The son of Meredith and Will Ensign, Liam’s Scouting journey started in first grade with Cub Scouts as a Tiger Cub, and unlike many boys at the age, Liam stuck to it. He realized early on that this organization had much to offer, even as he got older and busier with school and sports and other organizations.
“Even though, at times, with everything else going on in my life, including school and sports, I knew that if I stuck with Scouting, it would be worth it in the end,” Liam said.
Committed, he admitted there were plenty of low points during his journey to Eagle Scout.
“There have been many highs and a few low points throughout my time in Scouts. One of the best times I had was summer camp at Skymont Scout Reservation on the Cumberland Plateau near Altamont, Tenn. I was able to take responsibility for the troop as the senior patrol leader, as well as earn some really cool merit badges such as metalworking. However, during my Scouting experience, it was not just highs. There were also struggles, such as the night when it rained so much while we were camping you might have thought we had just gone swimming … so much for the waterproof tents,” Liam said.
This young man learned to juggle schedules and obligations and conflicts and time at an age when that level of organization is not common.
“Balancing Scouting with school and other commitments has sometimes been challenging because of the weekly meetings and the time required for merit badges and service projects. All that I learned and the support from Scout leaders and family, and the sense of accomplishment from meeting each requirement have made it worthwhile,” Liam said.
Earning 34 merit badges, Liam said the toughest badges to earn were Hiking, which requires a 20-mile continuous hike, and Back Packing, which includes planning and participating in three three-day backpacking treks and one five-day trek covering at least 15 and 30 miles respectively.
It may have been tough, but earning the esteemed Hiking badge turned out to be a Scouting career highlight for Liam.
“Another high point was definitely the completion of the Perimeter Trail, a 22-mile hike in Sewanee that my father and I did together. It was the last task I needed to do to earn my final required merit badge before I sat for my Eagle Board of Review,” Liam said.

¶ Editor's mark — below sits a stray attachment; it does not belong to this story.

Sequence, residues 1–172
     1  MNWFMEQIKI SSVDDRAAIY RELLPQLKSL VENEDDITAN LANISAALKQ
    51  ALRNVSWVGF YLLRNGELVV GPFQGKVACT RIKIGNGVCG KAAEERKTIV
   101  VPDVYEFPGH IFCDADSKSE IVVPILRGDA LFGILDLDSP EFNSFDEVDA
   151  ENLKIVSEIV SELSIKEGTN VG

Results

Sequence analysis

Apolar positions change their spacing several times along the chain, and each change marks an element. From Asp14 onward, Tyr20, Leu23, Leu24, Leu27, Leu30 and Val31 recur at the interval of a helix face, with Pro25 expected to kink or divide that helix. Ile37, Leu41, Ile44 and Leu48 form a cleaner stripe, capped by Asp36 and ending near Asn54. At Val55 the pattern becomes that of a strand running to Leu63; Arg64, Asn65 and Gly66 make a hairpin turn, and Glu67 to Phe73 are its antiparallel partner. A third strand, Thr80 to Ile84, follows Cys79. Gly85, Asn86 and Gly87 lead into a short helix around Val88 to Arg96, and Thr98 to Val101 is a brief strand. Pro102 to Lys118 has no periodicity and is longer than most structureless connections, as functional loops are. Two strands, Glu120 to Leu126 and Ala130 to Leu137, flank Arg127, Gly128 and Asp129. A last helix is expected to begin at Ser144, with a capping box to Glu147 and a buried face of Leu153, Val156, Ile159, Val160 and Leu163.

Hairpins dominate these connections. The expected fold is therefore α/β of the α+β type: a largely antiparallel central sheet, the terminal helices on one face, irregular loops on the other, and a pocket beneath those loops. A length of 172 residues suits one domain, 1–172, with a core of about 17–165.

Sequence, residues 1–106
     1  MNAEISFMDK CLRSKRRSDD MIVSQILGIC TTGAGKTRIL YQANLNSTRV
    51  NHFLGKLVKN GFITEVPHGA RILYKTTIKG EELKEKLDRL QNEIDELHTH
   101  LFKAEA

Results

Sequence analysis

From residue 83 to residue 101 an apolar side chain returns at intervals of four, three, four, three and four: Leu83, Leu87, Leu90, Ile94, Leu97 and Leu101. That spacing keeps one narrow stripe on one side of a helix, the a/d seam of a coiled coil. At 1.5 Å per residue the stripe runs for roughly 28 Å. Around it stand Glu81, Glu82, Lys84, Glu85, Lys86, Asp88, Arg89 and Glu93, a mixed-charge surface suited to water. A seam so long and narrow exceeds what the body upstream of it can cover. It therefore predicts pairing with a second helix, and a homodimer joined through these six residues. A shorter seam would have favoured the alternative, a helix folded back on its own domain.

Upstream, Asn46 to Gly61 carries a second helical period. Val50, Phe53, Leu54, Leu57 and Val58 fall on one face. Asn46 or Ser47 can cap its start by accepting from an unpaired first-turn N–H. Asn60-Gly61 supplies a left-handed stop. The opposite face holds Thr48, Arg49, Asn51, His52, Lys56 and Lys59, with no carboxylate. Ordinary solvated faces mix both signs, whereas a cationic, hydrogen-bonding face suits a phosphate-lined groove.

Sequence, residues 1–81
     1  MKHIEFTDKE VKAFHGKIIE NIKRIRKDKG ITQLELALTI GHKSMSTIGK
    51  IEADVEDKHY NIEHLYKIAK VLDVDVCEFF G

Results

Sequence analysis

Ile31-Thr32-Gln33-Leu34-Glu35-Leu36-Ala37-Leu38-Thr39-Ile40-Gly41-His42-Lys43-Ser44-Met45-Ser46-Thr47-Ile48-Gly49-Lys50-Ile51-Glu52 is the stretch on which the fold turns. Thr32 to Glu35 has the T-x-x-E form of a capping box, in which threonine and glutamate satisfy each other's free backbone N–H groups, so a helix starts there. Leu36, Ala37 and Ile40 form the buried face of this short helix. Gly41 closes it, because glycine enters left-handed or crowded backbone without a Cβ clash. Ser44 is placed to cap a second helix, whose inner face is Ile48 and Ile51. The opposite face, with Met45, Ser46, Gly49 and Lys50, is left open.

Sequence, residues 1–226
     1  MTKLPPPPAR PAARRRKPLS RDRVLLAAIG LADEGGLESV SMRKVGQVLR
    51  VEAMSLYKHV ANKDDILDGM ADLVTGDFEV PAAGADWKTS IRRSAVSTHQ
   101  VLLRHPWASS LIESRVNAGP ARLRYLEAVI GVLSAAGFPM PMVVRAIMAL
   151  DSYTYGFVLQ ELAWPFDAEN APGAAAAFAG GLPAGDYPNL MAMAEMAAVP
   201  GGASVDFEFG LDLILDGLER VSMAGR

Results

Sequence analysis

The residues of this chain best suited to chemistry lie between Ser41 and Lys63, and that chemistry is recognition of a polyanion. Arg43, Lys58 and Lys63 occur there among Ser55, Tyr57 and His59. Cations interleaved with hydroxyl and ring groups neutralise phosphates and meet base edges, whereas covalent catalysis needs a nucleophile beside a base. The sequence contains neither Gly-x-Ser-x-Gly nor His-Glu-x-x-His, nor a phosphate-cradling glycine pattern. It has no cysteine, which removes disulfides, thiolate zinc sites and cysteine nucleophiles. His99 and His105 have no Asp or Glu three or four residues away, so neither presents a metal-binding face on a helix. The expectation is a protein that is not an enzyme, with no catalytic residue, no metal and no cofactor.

However, Liam feels his Eagle Scout project is probably his biggest Scouting accomplishment. Liam raised the funds, then designed and built three separate feeding houses for the red wolf habitat at Reflection Riding. He worked with the staff to design a structure that would keep the wolves’ food dry and keep wild animals out, but provide easy access for staff without them having to enter the wolves’ enclosure.
During this 80-hour project, Liam learned that the red wolf is one of the most endangered species in the United States, with an estimated wild population of only 25. Reflection Riding is a participant in the Red Wolf Species Survival Plan and has a captive breeding and education facility that is designed with the hope of ensuring the long-term survival and security of the species.
Liam is also on the varsity rock climbing and varsity mountain bike teams at McCallie. Liam is thinking about a degree in environmental studies, perhaps concentrating on conservation, ecology or forestry.
“All of the skills and knowledge I gained will serve me for the rest of my life and help me to make a positive impact on the community,” Liam said, serving up the mission of this esteemed organization succinctly.
by Ferris Robinson